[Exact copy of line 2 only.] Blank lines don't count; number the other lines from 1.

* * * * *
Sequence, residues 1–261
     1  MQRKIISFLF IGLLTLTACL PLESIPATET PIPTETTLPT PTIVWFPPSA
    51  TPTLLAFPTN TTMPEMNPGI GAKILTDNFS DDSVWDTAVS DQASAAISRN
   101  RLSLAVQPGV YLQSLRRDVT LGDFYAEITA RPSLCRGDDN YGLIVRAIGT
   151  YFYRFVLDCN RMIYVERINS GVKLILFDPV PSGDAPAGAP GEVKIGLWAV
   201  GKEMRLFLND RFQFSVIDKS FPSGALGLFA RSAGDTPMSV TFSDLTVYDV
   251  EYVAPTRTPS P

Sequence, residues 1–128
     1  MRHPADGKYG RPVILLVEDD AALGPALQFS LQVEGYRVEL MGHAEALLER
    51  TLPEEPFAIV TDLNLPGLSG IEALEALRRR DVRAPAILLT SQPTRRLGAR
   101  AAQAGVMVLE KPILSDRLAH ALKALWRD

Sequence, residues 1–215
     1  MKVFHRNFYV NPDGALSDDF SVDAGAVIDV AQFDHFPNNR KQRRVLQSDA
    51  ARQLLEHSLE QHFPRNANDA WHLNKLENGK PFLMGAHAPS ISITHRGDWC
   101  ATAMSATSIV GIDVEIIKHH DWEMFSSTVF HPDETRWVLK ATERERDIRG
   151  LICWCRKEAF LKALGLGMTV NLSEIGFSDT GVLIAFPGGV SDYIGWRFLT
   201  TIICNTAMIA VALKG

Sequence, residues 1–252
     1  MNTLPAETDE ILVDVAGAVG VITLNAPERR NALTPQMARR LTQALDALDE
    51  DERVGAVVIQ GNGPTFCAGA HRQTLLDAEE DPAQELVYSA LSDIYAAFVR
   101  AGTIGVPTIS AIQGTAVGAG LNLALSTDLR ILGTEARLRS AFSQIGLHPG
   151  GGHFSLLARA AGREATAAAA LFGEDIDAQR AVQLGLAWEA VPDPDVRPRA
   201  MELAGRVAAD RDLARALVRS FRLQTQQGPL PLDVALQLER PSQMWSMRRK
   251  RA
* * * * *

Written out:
     1  MQRKIISFLF IGLLTLTACL PLESIPATET PIPTETTLPT PTIVWFPPSA